The Sunday Times Number One Bestseller, from the author of CLOUD ATLAS and THE BONE CLOCKS.
Longlisted for the Man Booker Prize 2010
Be transported to a place like no other: a tiny, man-made island in the bay of Nagasaki, for two hundred years the sole gateway between Japan and the West. Here, in the dying days of the 18th-century, a young Dutch clerk arrives to make his fortune. Instead he loses his heart.
Step onto the streets of Dejima and mingle with scheming traders, spies, interpreters, servants and concubines as two cultures converge. In a tale of integrity and corruption, passion and power, the key is control - of riches and minds, and over death itself.
APPLE BOOKS REVIEW
The author of Cloud Atlas demonstrates his gift for complex, multi-layered storytelling full of strange beauty and powerful emotions. Jacob Zoet is a young, conscientious clerk for the Dutch East Indies Company sent to a floating port off Nagasaki in the late 18th century. Although foreigners are prohibited from getting involved in Japanese life, de Zoet strikes up a relationship with a headstrong local midwife—and is drawn into a jaw-dropping adventure that exposes him to the local culture and subcultures. The Thousand Autumns of Jacob de Zoet isn’t an easy read, but it’s a hugely satisfying tale rich in historical detail and poignant themes.
Mitchell s rightly been hailed as a virtuoso genius for his genre-bending, fiercely intelligent novels Ghostwritten and Cloud Atlas. Now he takes something of a busman s holiday with this majestic historical romance set in turn-of-the-19th-century Japan, where young, na ve Jacob de Zoet arrives on the small manmade island of Dejima in Nagasaki Harbor as part of a contingent of Dutch East Indies officials charged with cleaning up the trading station s entrenched culture of corruption. Though engaged to be married in the Netherlands, he quickly falls in hopeless love with Orito Aibagawa, a Dutch-trained Japanese midwife and promising student of Marinus, the station s resident physician. Their courtship is strained, as foreigners are prohibited from setting foot on the Japanese mainland, and the only relationships permitted between Japanese women and foreign men on Dejima are of the paid variety. Jacob has larger trouble, though; when he refuses to sign off on a bogus shipping manifest, his stint on Dejima is extended and he s demoted, stuck in the service of a vengeful fellow clerk. Meanwhile, Orito s father dies deeply in debt, and her stepmother sells her into service at a mountaintop shrine where her midwife skills are in high demand, she soon learns, because of the extraordinarily sinister rituals going on in the secretive shrine. This is where the slow-to-start plot kicks in, and Mitchell pours on the heat with a rescue attempt by Orito s first love, Uzaemon, who happens to be Jacob s translator and confidant. Mitchell s ventriloquism is as sharp as ever; he conjures men of Eastern and Western science as convincingly as he does the unscrubbed sailor rabble. Though there are more than a few spots of embarrassingly bad writing ( How scandalized Nagasaki shall be, thinks Uzaemon, if the truth is ever known ), Mitchell s talent still shines through, particularly in the novel s riveting final act, a pressure-cooker of tension, character work, and gorgeous set pieces. It s certainly no Cloud Atlas, but it is a dense and satisfying historical with literary brawn and stylistic panache.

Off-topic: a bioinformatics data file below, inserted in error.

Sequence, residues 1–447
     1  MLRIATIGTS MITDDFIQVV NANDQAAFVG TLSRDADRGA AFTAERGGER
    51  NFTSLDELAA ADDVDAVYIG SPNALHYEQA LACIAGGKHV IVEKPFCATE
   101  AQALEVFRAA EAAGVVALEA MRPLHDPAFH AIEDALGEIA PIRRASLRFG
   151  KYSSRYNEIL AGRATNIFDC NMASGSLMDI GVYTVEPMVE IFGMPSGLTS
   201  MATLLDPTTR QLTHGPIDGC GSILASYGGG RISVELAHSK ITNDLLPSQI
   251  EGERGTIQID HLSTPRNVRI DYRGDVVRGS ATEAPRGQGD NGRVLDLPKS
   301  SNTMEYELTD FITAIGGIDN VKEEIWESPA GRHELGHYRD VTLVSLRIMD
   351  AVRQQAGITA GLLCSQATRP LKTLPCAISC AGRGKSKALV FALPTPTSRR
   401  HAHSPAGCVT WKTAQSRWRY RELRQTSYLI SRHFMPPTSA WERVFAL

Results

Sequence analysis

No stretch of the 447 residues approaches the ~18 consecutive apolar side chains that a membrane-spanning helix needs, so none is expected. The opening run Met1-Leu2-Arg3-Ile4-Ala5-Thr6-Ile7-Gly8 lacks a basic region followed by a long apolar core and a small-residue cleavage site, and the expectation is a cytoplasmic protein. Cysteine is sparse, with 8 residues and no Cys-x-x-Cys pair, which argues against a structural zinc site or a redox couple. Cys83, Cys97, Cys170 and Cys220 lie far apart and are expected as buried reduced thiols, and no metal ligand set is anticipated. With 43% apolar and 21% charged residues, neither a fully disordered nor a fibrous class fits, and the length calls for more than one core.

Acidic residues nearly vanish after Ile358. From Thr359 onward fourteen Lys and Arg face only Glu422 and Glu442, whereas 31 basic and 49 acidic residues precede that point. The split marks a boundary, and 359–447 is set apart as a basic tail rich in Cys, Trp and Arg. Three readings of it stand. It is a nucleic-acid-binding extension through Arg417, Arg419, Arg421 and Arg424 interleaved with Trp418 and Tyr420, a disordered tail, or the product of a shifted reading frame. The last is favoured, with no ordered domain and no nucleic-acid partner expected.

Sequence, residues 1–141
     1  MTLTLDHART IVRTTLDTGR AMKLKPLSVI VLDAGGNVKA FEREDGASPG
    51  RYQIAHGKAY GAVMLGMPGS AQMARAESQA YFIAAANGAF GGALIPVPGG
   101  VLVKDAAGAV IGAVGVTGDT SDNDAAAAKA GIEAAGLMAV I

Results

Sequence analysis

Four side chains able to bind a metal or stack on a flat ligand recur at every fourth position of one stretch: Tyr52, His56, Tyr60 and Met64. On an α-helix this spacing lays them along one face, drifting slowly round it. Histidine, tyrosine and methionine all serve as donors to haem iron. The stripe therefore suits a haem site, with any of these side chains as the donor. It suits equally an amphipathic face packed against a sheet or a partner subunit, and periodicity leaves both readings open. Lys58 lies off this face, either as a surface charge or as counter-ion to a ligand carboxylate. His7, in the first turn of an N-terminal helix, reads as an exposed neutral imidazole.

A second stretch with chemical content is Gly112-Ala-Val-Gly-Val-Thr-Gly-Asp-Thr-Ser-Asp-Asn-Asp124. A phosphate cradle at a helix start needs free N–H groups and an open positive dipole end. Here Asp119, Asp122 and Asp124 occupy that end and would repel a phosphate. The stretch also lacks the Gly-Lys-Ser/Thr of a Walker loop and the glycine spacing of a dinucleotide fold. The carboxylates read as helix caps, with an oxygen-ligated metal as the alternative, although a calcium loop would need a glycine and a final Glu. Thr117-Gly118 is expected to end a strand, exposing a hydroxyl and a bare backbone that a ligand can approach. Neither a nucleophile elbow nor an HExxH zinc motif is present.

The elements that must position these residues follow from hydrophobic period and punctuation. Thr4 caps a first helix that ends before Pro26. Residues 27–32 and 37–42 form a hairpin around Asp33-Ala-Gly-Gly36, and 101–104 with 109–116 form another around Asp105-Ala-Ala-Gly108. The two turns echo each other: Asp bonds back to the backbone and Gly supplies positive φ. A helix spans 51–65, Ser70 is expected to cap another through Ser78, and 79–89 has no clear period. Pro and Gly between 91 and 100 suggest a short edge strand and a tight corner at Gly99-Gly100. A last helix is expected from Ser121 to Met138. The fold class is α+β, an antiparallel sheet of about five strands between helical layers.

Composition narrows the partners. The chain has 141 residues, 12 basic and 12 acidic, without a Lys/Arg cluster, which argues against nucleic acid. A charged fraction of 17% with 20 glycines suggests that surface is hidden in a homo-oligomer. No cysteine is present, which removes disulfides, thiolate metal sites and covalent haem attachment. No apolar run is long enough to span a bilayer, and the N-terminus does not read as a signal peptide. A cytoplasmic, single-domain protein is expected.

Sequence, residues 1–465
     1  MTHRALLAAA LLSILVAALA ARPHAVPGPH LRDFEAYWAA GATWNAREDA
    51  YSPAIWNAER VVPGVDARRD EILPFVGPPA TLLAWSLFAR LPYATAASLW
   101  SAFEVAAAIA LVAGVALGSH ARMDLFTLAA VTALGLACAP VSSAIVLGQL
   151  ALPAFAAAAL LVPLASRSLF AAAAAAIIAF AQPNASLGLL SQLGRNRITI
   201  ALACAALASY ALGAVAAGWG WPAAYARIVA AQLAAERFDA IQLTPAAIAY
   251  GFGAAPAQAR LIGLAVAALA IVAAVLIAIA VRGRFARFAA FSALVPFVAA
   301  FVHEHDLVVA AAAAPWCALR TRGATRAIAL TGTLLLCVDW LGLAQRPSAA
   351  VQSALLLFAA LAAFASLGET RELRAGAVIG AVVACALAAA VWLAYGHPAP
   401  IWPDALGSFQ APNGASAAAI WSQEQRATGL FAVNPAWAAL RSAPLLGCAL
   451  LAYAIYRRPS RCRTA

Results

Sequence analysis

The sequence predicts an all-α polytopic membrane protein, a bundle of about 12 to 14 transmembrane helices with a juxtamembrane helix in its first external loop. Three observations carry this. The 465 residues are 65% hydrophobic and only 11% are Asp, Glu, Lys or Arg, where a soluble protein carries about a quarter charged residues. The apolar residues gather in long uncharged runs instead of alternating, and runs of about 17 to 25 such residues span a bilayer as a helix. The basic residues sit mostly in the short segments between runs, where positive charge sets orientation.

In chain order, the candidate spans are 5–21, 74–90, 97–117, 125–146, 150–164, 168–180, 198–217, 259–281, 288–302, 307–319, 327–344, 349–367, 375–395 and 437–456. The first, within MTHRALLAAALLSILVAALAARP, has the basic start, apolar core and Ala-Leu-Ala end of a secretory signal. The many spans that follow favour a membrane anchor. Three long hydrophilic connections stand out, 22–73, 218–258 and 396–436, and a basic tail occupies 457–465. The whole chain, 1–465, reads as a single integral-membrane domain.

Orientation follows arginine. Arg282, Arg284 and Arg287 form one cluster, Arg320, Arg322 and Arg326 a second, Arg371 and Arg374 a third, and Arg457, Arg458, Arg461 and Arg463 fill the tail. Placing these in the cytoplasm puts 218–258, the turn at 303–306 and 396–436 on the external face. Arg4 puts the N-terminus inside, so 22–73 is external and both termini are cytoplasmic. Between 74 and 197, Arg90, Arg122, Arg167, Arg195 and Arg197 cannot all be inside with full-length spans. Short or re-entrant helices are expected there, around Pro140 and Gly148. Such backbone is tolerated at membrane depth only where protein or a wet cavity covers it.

Customer ReviewsSee All
The Thousand Autumns of Jacob de Zoet
An extraordinary tale fired by the author's wonderful imagination and underpinned by thorough research. The tale is set in 18th century Japan and is a love story set against the background of the seemingly irreconcilable cultures of the Dutch and Japanese. I have to confess that it sagged a bit in the middle but it was well worth persevering. I am looking forward reading it again. It was also a joy to read an entire novel by this brilliant author written in the same style. So often, in his other books, he has offered pieces of exquisite writing with fascinating characters only for them to be dropped or replaced. Given that the replacement character/story was equally fascinating, it seems something of a churlish criticism. But it created in this reader a sense of "look what I can do next".
Anyway that is simply not an issue here - it is great novel, with rounded characters and with a great plot.
Why give one star to a book just because it's expensive?
Surely that is not the issue when rating a book you dunderhead. And the dullard who gave it one star with an arrogant 'enough said' is clearly a moron without the ability to enlarge on his brief, witty and incisive opinion.
Its a wonderful, beautiful book, that I didn't want to end. Read it - you'll love it unless you are a dunderhead, dullard or smug moron.
Book of a thousand memories
A wonderful and gripping story. The book ebbs and flows with natural rhythm, complete characters and masterful literacy.